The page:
Spark Problem/Timing

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bonham3
Posts: 32
Joined: Sat Aug 21, 2004 9:52 pm
Location: Massachusetts

Spark Problem/Timing

#1

Post by bonham3 » Sun Aug 21, 2005 4:24 pm

Hi! All

This has been going on for ever and cannot seem to get an answer.
I get spark at both plugs simultaneousley when ignition key is turned to the off position. The bike will start and run O.K. but i get a powerful kickback on the pedal at times when starting. Have already had a bad ankle injury from this. 48 61", mallory elec. dist., dynacoil, accel wires,
harley 3-4 plugs.
Also, weird dist. timing issue. Not sure about position of dist. Lined up
the timing mark on flywheel perfectly centered in view, vertical line with two dots on it with an F next to line. front piston at tdc. both valves closed.
Bike would start but run real rough. rotated dist. one tooth (clockwise)
and bike runs good. How is this??? I have an S&S flywheel. Also has another timing mark for the rear cylinder. Should i use that one?
Could this be part of the spark problem?

Thank's for any help Ron Bonham3



kell
Posts: 404
Joined: Sat Jun 19, 2004 2:58 am

timing

#2

Post by kell » Sun Aug 21, 2005 11:29 pm

Are you static timing it (meaning with the engine not running) or are you "dynamic" timing it with a timing light and the engine running?
If you are using static timing you have to turn the timing plate in the mallory to the full advance position and jam it there with a bit of folded cardboard or something, then do the timing. To do dynamic timing with a timing light, you have to rev it up until the mallory timing plate rotates into full timing position -- at least 2000 rpm. Then look in the timing hole with the light flashing and rotate the mallory until you see the timing mark.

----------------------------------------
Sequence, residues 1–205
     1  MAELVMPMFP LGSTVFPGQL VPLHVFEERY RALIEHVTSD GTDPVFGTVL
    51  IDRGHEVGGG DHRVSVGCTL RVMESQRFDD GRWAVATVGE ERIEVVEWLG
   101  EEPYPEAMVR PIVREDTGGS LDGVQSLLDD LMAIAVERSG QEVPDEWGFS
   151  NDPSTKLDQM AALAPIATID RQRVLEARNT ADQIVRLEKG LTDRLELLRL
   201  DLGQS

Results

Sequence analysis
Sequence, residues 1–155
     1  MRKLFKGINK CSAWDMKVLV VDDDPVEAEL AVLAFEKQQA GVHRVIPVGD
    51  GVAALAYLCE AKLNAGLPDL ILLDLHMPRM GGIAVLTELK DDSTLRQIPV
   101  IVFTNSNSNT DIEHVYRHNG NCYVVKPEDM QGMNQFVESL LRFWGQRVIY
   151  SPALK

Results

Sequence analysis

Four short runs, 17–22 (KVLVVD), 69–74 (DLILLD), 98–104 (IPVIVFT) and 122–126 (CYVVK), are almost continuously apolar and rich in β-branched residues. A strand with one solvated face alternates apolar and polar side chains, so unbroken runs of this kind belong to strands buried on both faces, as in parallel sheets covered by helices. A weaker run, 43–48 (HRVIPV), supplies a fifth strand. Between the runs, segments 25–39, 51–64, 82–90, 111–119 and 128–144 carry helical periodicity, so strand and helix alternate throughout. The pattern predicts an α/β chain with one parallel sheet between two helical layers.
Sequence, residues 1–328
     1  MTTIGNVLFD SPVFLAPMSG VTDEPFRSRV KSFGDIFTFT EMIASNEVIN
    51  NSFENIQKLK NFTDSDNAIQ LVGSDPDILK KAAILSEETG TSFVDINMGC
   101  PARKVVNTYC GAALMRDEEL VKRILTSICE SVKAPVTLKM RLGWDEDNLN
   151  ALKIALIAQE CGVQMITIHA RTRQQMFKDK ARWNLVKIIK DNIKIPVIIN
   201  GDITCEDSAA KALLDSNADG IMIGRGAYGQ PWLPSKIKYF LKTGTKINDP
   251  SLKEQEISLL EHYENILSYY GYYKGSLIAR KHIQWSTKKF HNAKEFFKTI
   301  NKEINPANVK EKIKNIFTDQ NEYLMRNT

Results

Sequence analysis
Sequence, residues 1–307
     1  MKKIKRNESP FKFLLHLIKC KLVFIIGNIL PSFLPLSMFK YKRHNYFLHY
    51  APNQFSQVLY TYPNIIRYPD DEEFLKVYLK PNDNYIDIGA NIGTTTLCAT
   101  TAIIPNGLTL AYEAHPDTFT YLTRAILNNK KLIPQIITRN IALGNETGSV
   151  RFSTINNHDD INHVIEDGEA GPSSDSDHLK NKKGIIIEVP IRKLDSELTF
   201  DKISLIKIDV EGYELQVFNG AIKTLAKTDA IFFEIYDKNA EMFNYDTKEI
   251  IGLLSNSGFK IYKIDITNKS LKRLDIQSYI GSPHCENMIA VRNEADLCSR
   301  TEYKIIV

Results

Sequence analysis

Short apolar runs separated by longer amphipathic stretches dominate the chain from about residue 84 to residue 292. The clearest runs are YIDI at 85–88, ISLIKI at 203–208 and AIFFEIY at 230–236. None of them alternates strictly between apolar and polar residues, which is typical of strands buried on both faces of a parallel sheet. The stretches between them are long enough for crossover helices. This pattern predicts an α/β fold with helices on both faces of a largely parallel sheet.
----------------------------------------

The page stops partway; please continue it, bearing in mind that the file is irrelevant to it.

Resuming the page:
I don't know what kind of marks the S&S flywheel has. They are different from the stock flywheel marks. Find out for sure which mark shows TDC and which mark is the timing mark. You have to use the timing mark to set your timing.

Since you said you already have it running, the easiest thing might be to just start it up and shoot a timing light at the hole. If you don't see a mark in the hole, rotate the mallory a bit either way until you do. Remember you have to rev it up.

Guest

S&S wheels..

#3

Post by Guest » Mon Aug 22, 2005 1:54 am

The timing marks on the S&S wheels in my pan (a set put in about 13 years ago, 4 1/2 stroke) show, as they come up when you rotate your kicker, first a " . R", next a " l F " (your timing mark), then a few degrees later a " T : F ", which is TDC for front. If you are timing it off a " : F " mark, I'm sure it kicks back as your timing is too advanced. Maybe your wheels use just a " l " as the timing mark.

bonham3
Posts: 32
Joined: Sat Aug 21, 2004 9:52 pm
Location: Massachusetts

reply

#4

Post by bonham3 » Mon Aug 22, 2005 1:38 pm

Thank's

I'll try rotating the dist. one notch and see what happens.
The pedal kickback usually only happens if i slightly flood it.
Now if i can get that spark problem fixed. Can't figure it.
Always was that way. Big mystery.

Red55FL
Posts: 82
Joined: Fri Jan 14, 2005 3:35 am
Bikes: 1955 FL on a 54 frame
2012 Heritage Softail Classic
Location: Inola, Oklahoma

#5

Post by Red55FL » Mon Aug 22, 2005 3:14 pm

bonham3
Kell is right; you have to make sure that the timing plate is fully advanced when setting the timing.
You will never get it properly timed by rotating the breaker shaft a few teeth and trying it. Your ankle might get hurt again.
Here is an easy way to static time it & how I got my breaker timed right.

1. Pull the top off of the Mallory breaker, the spark plugs and the timing plug.